[erlang-questions] Must and May convention

Karlo Kuna kuna.prime@REDACTED
Thu Sep 28 10:43:39 CEST 2017

i have slightly different approach:

i don't want any new syntax right now so i'm marking side effecting
construct in erlang
for example: put/2, and send ( ! ) i consider side effecting so they go in
seed list [{M:F:Arity}]
then i go and try to infer which functions in OTP sources are pure or not
and put that information in DB
and then i can consult DB for projects that use OTP stdlib and such, update
DB with these and go up

it is bottom up approach but it shows promise. I am aware that BIFs nad
NIFs are problem right now
and -pure declarations could help there a lot!

also it would be extremely nice to have a way to declare and classify side
effects, i'm also looking into that
but at this time have no concrete solutions

On Thu, Sep 28, 2017 at 10:27 AM, zxq9 <zxq9@REDACTED> wrote:

> On 2017年09月28日 木曜日 10:01:12 you wrote:
> > > I really wish Dialyzer accepted (and checked) explicit declarations of
> > purity.
> >
> > i could not agree more
> > that would be useful feature and amazing time saver!
> >
> > I am currently working on a toll that creates DB of function properties,
> > and motivation was exactly finding non pure functions in any given
> > project.
> I've messed around with this a bit and, not liking syntaxtic additions
> (for the most part), I've played around a little with this idea. The one
> I've come up with that allows building a checkable graph is what I'm doing
> already:
> -pure([f/1, g/0, h/3]).
> So that works just like an -export attribute and when the compiler rolls
> over it you actually get a nice list in module_info:
> 1> zuuid:module_info(attributes).
> [{vsn,[161185231735429547750212483364357911358]},
>  {author,"Craig Everett <zxq9@REDACTED>"},
>  {behavior,[application]},
>  {pure,[{v3,1},
>         {v3,2},
>         {v3_hash,2},
>         {v5,1},
>         {v5,2},
>         {v5_hash,2},
>         {read_uuid,1},
>         {read_uuid_string,1},
>         {read_mac,1},
>         {read_mac_string,1},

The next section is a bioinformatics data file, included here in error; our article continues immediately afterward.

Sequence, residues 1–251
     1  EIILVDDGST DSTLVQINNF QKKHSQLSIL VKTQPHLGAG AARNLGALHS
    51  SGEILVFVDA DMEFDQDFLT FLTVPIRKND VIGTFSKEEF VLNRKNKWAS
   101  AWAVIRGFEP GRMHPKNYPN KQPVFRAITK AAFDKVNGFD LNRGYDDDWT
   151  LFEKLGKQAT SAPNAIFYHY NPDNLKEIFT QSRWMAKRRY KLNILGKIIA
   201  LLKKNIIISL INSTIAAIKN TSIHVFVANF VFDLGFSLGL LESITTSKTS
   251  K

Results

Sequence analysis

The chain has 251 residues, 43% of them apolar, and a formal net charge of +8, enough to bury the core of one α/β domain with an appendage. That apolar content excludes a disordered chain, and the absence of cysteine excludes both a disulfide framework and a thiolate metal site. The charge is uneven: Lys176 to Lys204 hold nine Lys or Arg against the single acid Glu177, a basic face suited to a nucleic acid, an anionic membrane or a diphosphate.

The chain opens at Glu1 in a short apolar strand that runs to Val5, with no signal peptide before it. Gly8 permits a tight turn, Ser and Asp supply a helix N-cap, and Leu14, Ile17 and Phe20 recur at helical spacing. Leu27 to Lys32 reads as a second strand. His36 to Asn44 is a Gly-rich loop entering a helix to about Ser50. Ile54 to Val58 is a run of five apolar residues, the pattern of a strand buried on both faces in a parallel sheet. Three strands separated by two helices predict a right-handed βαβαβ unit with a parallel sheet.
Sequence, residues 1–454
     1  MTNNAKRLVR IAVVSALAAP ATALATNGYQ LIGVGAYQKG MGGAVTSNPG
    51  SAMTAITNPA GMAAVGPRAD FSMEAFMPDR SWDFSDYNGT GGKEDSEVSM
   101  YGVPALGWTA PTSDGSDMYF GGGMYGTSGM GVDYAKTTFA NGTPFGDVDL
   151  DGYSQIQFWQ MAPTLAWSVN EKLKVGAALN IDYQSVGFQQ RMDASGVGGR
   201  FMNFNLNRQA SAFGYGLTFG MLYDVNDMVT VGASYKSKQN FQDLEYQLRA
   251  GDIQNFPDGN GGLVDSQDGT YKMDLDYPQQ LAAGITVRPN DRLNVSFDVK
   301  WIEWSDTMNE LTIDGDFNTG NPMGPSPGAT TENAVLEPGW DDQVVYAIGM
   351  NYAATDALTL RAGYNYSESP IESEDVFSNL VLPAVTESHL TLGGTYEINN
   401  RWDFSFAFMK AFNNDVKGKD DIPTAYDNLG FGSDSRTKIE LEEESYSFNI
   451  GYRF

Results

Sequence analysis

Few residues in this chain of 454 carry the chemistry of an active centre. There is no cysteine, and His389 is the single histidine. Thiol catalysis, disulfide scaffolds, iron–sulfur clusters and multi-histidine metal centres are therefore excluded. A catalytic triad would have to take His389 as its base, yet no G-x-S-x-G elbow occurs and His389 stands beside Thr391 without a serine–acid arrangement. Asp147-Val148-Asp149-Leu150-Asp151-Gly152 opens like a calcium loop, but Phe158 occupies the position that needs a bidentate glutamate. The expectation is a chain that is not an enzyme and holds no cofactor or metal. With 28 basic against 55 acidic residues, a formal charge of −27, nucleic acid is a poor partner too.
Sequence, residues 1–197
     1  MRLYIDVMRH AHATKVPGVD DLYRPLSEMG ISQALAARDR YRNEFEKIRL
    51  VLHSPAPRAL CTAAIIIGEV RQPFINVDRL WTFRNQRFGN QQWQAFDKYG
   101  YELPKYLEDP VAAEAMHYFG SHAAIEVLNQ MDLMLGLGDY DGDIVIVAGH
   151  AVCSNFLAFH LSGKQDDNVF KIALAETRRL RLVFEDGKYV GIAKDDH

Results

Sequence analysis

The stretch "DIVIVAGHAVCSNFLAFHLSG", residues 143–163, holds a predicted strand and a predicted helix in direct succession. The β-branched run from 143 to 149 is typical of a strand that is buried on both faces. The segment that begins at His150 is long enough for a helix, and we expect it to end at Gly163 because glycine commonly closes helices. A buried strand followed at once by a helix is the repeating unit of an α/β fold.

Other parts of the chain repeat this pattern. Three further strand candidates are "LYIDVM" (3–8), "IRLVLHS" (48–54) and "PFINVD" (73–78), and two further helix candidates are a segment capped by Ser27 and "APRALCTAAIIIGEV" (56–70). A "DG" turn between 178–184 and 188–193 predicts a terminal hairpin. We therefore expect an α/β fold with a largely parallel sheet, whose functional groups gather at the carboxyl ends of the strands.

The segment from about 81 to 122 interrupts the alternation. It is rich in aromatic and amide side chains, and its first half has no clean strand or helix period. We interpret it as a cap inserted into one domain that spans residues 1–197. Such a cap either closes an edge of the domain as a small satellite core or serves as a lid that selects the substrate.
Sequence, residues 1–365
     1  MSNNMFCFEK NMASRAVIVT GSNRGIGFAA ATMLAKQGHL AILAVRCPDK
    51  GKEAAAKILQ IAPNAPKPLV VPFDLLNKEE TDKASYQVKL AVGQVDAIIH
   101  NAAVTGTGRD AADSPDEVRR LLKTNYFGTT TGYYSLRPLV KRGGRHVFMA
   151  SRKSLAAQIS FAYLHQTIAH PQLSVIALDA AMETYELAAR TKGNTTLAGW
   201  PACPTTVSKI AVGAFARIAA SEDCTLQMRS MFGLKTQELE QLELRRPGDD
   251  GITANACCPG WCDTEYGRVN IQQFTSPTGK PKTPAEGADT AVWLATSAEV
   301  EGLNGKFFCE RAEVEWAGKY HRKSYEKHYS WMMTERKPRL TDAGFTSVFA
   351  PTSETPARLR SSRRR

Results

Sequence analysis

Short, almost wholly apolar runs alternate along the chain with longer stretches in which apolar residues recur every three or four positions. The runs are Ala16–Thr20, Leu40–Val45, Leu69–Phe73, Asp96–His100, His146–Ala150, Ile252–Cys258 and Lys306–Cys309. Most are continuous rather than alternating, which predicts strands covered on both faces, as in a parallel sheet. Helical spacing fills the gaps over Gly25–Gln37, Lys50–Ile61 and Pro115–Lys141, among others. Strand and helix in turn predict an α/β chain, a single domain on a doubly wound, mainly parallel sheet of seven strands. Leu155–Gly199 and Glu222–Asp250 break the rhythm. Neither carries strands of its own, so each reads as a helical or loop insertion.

>         {string,1},
>         {string,2},
>         {binary,1},
>         {binary,2},
>         {strhexs_to_uuid,1},
>         {strhexs_to_mac,1},
>         {strhexs_to_integers,1},
>         {bins_to_strhexs,1},
>         {binary_to_strhex,1}]}]
> Quite easy to build a graph around this sort of data. And it comes only at
> the cost of actually including a -pure declaration.
> The problem, of course, is actually making a -pure declaration and keeping
> it in sync with the module code over time -- and that this is invisible to
> Dialyzer right now.
> That said, if no unsafe calls or actions are taken in a function Dialyzer
> could infer which functions are pure and help generate such a list. Even
> better, of course would be if it knew the difference and examined each
> function to build the graph of pureness automatically...
> But I digress.
> Save the (maybe not easy) task of making Dialyzer able to infer purity
> (and this is impossible anyway when Dialyzer hits a wall of ambiguity
> such as a call to M:F(A) or apply(M, F, A) -- which are pretty important!),
> it would even nicer if we had a pure function spec declaration form.
> -pure f() -> term().
> And just leave the original
> -spec f() -> {ok, Value :: term()} | {error, Reason :: term()}.
> form alone.
> That shouldn't break any old code, and leave a safe path to updating the
> stdlib and internals of existing projects... without anything significant
> changing until people are ready for it.
> And no new syntax.
> Where a new bit of syntax may be nice is if, for example, a way to declare
> *what* side effects a function has or might have. I haven't any good idea
> how to go about that because I've never thought of it or seen a system that
> declares categories of side-effects... but its an interesting idea that
> might help make "unit testing" of modules that have side effects actually
> mean something (for once) and move it closer to the usefulness of actual
> user testing (which is amazing at finding the boneheaded, easy to fix,
> 90% of bugs that are concrete and repeatable that unit tests are for some
> reason consistently blind to).
> -Craig
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